Jo Baer in conversation with philosopher Jan Bor on art and philosophy

Jo Baer & philosopher Jan Bor will discuss the imagination of thinking, and vice versa – thinking about the imagination.


Held amidst her solo exhibition, ‘Between the Lines (R.A.T.S. however…)’, 94-year-old American visual artist Jo Baer will enter into conversation with the Dutch philosopher Jan Bor, author of ‘Waarnemen’(‘Perception’), recently published by Prometheus Books. The meeting will be introduced by philosopher

Floris van der Burg and  art historian Janine Armin, PhD candidate at the University of Amsterdam, on Baer’s work.


The central question is how and why art can develop from figuration to abstraction and sometimes, as in the case of Baer, the other way around. How can the interaction between the observer and the observed be interpreted? How can absence be made visible? How can we relate to the unspoken layers of our perception? The conversation will focus on the transformation of what you see, what you sense, what is actually there, and what it is like for an artist to navigate the ever-unlimited space and potential of viewing.


Jo Baer (1929) has explored various media and styles in her long career. After working briefly with an abstract expressionist idiom, she positioned herself as a minimalist artist in the 1960s, contributing to the development of hard-edge painting. With her departure to Ireland in 1975, when her career was at its peak, her work also changed. She developed her so-called ‘radical figuration’, or ‘image works’ in which she rendered recognizable forms partially or layered, and which she continued in Amsterdam where she has lived and worked since the mid-1980s.


This figurative vocabulary enabled her to better convey meanings – albeit without becoming truly concrete. Baer’s work thus focuses on formal strategies, the use of materials and the viewing experience, as well as various, sometimes disguised, recurring thematic aspects. The mutual connections between the works gradually reveal themselves and are emphasized by an ever-changing, expanding arrangement.


The intuitively composed constellations of sometimes suggestive and other times more specific shapes in her prints, drawing and paintings go beyond an unambiguous story. Instead, in relation to each other, they have the subtle, emotional effect of a poem: “The meaning is incorporated in the whole. I choose things and I structure them to get new meanings. I am leaving it for anyone to construct the painting. It is semi-structured. Loose ends, I like that…”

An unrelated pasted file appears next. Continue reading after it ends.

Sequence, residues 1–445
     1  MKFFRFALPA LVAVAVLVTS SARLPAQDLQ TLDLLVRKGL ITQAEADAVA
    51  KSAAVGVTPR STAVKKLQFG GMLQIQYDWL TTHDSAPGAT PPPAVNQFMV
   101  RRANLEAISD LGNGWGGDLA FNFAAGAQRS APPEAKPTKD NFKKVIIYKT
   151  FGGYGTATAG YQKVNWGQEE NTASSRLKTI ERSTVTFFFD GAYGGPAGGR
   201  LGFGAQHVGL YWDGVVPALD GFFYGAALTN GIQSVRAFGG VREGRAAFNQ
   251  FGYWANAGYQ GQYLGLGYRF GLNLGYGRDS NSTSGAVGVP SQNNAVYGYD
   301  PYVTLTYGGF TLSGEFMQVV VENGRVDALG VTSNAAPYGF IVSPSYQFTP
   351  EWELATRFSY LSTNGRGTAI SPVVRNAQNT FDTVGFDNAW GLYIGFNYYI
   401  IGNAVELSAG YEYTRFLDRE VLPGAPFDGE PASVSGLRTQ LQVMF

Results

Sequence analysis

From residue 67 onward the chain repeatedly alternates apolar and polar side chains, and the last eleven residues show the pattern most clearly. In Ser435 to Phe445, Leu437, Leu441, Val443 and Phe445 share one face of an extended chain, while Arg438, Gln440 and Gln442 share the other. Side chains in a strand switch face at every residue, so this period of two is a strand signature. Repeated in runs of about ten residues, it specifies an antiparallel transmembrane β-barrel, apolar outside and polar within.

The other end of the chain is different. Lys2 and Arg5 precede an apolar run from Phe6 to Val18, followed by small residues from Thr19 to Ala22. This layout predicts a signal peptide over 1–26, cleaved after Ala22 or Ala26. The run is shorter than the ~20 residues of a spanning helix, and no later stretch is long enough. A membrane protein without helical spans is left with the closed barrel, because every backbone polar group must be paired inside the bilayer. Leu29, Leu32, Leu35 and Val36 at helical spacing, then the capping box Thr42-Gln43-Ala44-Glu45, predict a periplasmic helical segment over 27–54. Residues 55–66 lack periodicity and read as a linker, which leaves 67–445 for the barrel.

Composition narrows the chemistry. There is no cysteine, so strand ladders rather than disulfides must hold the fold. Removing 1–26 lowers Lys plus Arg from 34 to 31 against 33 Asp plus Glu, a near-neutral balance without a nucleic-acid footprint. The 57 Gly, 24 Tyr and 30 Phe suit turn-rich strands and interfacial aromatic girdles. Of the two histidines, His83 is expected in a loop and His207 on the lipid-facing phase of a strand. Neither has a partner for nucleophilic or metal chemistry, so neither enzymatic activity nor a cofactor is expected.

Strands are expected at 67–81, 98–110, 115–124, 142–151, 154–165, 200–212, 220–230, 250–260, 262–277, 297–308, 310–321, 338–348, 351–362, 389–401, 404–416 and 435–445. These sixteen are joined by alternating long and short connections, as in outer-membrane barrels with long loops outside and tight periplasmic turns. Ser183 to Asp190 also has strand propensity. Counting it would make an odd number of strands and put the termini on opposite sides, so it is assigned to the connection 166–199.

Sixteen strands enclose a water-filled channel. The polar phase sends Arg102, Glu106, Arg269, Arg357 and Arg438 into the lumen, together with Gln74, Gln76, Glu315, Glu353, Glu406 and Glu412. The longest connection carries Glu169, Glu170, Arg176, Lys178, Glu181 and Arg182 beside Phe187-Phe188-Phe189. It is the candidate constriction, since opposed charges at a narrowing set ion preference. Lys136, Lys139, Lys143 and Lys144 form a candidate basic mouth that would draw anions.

Jan Bor (1946) is a philosopher that regularly writes about art. He has taught at a wide range of universities and art schools. He obtained his PhD in 1990 for a thesis on the French philosopher Henri Bergson with ‘Bergson and Immediate Experience’. He later published, among others, ‘De Verbeelding van het Denken’ (of which more than 100,00 copies were sold), ‘A New History of Philosophy’, ‘What is Wisdom?’, ‘Modern Modern’, ‘Mondriaan Filosoof’, ’25 Centuries of Eastern Philosophy’ and ‘OnZen’. In his latest book ‘Waarnemen’ (‘Perception’) at Promotheus Books, he examines the relationship between art and philosophy.

Emptiness & Infinite Space IX is an initiative of Wim de Haan Foundation, organized in collaboration with Rozenstraat – a rose is a rose is a rose.


Emptiness & Infinite Space IX is an initiative of Wim de Haan Foundation and the 9th edition is organized in collaboration with Rozenstraat – a rose is a rose is a rose.


Admission if free.
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Wim de Haan Foundation supports contemporary artists and organizes art initiatives in the spirit of Amsterdam-based artist Wim de Haan (1913-1967). De Haan’s work arose from experiences of loneliness and feelings of emptiness following a period of captivity in a Japanese concentration camp during World War II. For De Haan, the depth of this emptiness also sparked a profound realization of the infinite mutability of life. In klight of this, the Foundation has organized eight symposia since 2017 under the title Émptiness & Infinite Space’. Within this series, philosophers and artists come together in conversation to explore the boundaries of their field of work and simultaneously bridge beyond them into an intermediate zone of mutual understanding.